Oxford Dictionary of National Biography update 28 May 2015: cinema & TV

A century of British cinema, in the Oxford Dictionary of National Biography

The latest update to the Oxford Dictionary of National Biography—published on Thursday 28 May 2015—adds biographies of 105 men and women active between the fourteenth and the early twenty-first century.

2015-05-28 12_53_10-Oxford DNB article_ Corbett, HarryThe new edition includes a special focus on a century of British cinema and television—from the pioneering directors of the early 1900s to the actors, directors, and producers of mid and later twentieth-century films such as Bridge on the River Kwai, Hammer Horror’s Curse of Frankenstein, Rita, Sue and Bob Too, and television classics including Steptoe and Son.

Highlights from the update

Film clips from featured actors, directors and producers, now added to the ODNB

Film biographies now added to the Oxford DNB include:

  • film and television actors Oliver Reed (1938-1999) and Harry H. Corbett (1925-1982), known for Steptoe and Son.
  • US-born film producer and screen writer Carl Foreman (1914-1984), who came to Britain in the midst of the McCarthy trials, and whose films include High Noon and The Bridge on the River Kwai.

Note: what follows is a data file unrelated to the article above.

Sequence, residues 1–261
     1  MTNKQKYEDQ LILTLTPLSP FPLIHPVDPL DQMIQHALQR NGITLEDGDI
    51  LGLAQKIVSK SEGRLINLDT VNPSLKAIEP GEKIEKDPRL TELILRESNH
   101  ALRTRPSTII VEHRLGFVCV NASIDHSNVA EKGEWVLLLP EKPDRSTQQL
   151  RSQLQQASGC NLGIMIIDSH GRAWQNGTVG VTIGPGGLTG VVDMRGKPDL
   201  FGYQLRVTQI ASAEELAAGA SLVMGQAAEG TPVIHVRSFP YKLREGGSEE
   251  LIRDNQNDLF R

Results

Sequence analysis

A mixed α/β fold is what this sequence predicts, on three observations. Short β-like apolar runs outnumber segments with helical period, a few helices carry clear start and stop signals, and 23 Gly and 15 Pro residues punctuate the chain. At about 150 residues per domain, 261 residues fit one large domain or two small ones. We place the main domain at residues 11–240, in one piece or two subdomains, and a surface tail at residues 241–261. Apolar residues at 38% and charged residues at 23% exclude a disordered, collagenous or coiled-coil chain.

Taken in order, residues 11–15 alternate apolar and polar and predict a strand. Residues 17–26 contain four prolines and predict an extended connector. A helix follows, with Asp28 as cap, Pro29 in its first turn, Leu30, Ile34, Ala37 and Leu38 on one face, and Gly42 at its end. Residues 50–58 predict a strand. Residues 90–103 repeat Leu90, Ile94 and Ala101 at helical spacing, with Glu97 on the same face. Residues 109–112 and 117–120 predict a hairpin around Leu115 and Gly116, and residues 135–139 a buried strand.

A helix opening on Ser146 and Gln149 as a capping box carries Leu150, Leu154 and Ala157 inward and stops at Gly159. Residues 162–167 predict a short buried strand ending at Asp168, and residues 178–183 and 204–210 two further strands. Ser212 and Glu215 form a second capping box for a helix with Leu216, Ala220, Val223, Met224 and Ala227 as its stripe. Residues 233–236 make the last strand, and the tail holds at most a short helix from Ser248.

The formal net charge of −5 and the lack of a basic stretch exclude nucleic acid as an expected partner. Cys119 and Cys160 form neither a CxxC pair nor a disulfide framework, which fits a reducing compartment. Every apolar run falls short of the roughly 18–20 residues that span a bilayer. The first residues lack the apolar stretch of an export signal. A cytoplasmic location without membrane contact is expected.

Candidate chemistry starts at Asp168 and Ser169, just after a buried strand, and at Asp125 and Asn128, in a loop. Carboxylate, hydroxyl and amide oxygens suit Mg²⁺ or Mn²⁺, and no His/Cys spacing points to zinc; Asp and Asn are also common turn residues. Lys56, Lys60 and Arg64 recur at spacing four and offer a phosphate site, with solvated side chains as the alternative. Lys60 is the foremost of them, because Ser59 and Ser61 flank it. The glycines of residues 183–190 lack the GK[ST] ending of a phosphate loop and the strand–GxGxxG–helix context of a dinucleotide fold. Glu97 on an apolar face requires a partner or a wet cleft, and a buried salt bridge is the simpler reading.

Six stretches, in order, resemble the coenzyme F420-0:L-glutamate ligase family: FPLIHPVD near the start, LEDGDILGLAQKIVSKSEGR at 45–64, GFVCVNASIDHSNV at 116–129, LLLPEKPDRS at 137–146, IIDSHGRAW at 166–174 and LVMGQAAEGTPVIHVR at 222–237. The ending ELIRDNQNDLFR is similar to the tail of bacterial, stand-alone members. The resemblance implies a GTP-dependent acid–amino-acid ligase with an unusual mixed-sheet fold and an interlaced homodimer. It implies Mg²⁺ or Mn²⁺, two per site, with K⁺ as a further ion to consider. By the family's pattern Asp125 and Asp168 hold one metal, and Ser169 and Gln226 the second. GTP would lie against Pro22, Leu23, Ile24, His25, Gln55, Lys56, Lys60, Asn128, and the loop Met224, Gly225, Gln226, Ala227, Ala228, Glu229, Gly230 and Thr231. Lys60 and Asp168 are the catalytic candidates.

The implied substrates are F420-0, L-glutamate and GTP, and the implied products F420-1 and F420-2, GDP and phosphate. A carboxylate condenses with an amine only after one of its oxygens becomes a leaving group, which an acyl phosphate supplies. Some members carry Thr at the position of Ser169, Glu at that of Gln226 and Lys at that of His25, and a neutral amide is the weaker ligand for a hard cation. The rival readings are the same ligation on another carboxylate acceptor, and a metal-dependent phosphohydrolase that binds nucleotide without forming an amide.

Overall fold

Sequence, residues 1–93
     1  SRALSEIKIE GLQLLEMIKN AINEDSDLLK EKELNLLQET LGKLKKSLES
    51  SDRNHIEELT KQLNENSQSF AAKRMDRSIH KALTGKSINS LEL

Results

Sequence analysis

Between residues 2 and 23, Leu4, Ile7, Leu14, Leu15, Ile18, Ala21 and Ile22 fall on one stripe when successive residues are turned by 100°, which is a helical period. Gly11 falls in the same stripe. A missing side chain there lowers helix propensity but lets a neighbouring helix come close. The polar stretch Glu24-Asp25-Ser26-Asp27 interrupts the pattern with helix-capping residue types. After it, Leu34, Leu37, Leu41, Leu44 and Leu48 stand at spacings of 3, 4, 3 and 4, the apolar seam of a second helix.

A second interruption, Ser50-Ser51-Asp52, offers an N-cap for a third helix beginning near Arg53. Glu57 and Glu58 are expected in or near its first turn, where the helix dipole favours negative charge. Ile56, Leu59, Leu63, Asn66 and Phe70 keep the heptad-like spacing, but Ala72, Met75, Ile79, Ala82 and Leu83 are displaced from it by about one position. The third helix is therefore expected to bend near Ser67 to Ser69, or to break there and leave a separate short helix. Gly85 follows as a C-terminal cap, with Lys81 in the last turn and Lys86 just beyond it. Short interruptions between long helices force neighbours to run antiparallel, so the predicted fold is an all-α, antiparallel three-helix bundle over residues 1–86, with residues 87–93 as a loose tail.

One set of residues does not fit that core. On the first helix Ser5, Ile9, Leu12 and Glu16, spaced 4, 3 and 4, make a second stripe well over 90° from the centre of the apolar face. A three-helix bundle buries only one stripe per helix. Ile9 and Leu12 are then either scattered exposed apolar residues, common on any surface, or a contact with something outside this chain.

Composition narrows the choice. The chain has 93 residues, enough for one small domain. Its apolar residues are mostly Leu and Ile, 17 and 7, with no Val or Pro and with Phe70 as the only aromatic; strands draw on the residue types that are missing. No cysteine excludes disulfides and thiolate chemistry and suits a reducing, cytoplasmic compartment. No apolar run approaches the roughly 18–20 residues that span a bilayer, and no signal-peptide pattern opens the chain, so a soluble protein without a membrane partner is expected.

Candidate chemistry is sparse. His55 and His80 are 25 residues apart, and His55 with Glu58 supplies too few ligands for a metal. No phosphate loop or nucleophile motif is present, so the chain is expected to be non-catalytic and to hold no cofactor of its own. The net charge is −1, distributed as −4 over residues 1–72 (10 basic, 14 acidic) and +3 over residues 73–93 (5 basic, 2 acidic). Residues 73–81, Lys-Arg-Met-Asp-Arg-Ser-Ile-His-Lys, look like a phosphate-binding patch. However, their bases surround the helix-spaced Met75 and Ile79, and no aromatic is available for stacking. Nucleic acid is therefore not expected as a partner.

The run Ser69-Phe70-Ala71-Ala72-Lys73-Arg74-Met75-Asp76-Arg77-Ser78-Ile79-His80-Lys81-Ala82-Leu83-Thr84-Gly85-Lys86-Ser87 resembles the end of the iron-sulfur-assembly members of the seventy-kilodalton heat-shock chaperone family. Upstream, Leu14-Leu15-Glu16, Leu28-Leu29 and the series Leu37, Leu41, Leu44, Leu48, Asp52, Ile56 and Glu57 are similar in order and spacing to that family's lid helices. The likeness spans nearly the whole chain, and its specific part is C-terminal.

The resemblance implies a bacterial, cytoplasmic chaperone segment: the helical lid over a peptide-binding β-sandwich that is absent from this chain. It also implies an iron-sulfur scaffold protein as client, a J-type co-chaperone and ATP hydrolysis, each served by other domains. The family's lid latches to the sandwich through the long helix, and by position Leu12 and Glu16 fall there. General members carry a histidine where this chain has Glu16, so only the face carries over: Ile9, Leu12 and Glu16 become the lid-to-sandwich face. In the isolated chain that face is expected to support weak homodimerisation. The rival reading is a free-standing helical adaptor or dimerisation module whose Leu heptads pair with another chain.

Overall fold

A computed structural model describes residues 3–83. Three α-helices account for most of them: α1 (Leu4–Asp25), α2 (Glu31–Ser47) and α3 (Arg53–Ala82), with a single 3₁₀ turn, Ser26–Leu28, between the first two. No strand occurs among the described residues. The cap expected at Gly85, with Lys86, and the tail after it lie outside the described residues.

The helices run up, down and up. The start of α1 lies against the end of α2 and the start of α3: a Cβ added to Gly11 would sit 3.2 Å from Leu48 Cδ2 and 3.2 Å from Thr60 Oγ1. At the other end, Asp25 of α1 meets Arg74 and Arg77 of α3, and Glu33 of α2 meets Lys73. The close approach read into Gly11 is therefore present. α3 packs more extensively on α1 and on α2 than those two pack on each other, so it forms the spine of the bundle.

• Lewin Fitzhamon (1869-1961), a pioneer film-maker at Walton-on-Thames in the early 1900s, who made some 400 films—notably Rescued by Rover (1905), starring a pet dog and regarded as a landmark in its cinematic narrative technique.
  • World War One film-maker, Geoffrey Malins (1886-1940) whose documentary film of the first day of the Battle of the Somme, 1 July 1916, was seen by millions of British cinema-goers later that summer.
  • director Terence Fisher (1904-1980), who made twenty-nine Hammer Horror films including the influential Curse of Frankenstein (1957).
  • film-maker Alan Clarke (1935-1990), whose television dramas include Rita, Sue and Bob Too and Scum.

Other biographies now added include:

  • Fanny Talbot (1824-1917), benefactor and friend of Ruskin, who made the first ever donation of land to the National Trust, to coincide with the Trust’s formation, in May 1895. Talbot gave land at Barmouth on the Gwynedd coast, known as Dinas Oleu or ‘Fortress of Light’.
  • the Poplar councillors (act. 1921) of East London; 30 local politicians imprisoned for refusing to levy a rate in protest at the inequitable distribution of local taxation in the capital.
  • chess master Phillip Stamma (d. 1755). Born in Aleppo, Stamma came to Britain in the late 1730s. His The Noble Game of Chess (1745) introduced the concept of the ‘end game’ to Western players of the game.